The halls are alive with the sounds of music at Minisink Valley schools, and often times there’s even a STEAM component to students’ melodious work.
For example, Otisville Elementary fifth-grade students have been working on a STEAM (Science-Technology-Engineering-Art-Mathematics) unit using Makey Makeys and Chromebooks in Maria Fenfert’s music classes.
Makey Makey learning fun
Makey Makeys are electronic invention tools and toys that allows users to connect everyday objects to computer programs. Using a circuit board, clips, and a USB Cable, the toy uses closed loop electrical signals to send the computer either a keyboard stroke or mouse click signal. This function allows the Makey Makey to work with any computer program or wepage that accepts keyboard or mouse click inputs.
In this application, the result is musical sounds.
“These devices interrupt the computer keyboard and students must make a circuit in order for their Makey Makeys in order to control their computer,” said Mrs. Fenfert. “For the first part of the unit, the students first learned how to use the Makey Makey to form circuits using conductive materials like bananas, oranges, water, Play-doh and themselves to play a pre-coded xylophone.”
They then performed xylophone compositions they composed themselves on their Makey xylophones.
Then, the lessons became even more creative using “Scratch,” a free object-oriented software development kit that allows children ages 8 to 16 to create animations, interactive stories, games and music without needing to know a specific programming language.
Building on learning with ‘Scratch’
“For the second part of the unit, students invented their own instruments,” Mrs. Fenfert said. “Using Scratch, they were able to draw a picture of what their instrument would look like, create sounds for their instrument, and code their instrument to work with the Makey Makeys.”
Students used various insulators like paper, paper plates, plastic cups, popsicle sticks, and tape, mixed with conductive materials like aluminum foil, water, Play-doh and even gummy worms and more to actually build a prototype of their invented instrument.
And, of course, the instrument needed to actually “play.” As part of the class work, students presented to classmates what they created while demonstrating the invented instruments’ sounds.
To do so, they hooked them up to the Makey Makeys and “played” them.
‘Baby shark, doo doo doo doo doo doo’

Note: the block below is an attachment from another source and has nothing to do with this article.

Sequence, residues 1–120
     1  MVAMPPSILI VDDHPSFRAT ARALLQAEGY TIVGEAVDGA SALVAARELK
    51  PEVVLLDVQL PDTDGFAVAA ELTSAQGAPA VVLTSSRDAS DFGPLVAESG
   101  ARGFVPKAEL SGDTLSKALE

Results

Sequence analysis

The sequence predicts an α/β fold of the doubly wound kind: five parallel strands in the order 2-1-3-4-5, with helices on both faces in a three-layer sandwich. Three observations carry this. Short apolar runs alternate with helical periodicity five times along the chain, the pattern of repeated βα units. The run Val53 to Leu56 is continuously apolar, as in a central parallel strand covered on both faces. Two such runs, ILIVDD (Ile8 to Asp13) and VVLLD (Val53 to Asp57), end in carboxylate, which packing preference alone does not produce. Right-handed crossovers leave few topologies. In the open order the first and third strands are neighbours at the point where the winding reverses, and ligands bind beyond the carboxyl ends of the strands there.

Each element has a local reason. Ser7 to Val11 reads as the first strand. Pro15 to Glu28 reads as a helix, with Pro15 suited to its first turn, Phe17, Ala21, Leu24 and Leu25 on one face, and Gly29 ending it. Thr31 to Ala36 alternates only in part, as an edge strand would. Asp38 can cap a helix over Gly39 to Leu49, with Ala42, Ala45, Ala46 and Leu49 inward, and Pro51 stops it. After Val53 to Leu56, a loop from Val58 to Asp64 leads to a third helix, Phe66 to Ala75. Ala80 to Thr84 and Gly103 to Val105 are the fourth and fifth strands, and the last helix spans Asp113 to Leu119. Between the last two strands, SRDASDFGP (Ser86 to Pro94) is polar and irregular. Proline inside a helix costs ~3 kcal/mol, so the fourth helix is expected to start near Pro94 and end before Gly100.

Alexander Menchini and Nolan Mann’s instrument was coded to play the popular “Baby Shark” song. They chose it because they wanted to be “trendy and current” with what’s on the playlists of younger kids.
“This was creative and kind of fun because we got to learn to make our own instruments,” said Alex. “We got to work together as partners.”
Nolan agreed, as he demonstrated his “Baby Shark” dance moves.
“We had fun making funny noises and making the sound a silly sound,” Nolan said. “I learned how to make my own instruments and even coding.”
Then, there was the foodie duo of Elena Urena and Mia Romanbatista, who created a taco — yes, a taco — to play to the sounds of someone crunching on the popular Mexican fried tortilla.
Well… in truth, the taco was actually construction paper with lumps of Play-doh to simulate salsa, guacamole, meat and other fillings.
“We started thinking about an instrument using food,” said Elena.
“And, I was hungry,” added Mia.
“We thought we would do a donut,” Elena said. “And somehow, we wound up with a taco.”
“This is what happens when you have music before lunch,” Mia acknowledged matter-of-factly.
The girls recorded themselves “making the noises we make when we eat,” according to Elena, with supplemental sounds coming from the sounds of coins dropping.
“I learned how to pull noises together to make one noise,” said Elena.
Mia equally noted they learned how to make those sounds using unexpected objects like tinfoil and construction paper.
“We are learning science mixed with music,” she added.
There was one added bonus as well.
“We’re best friends,” Mia said, “and we learned we both liked tacos and we can we can work well together.”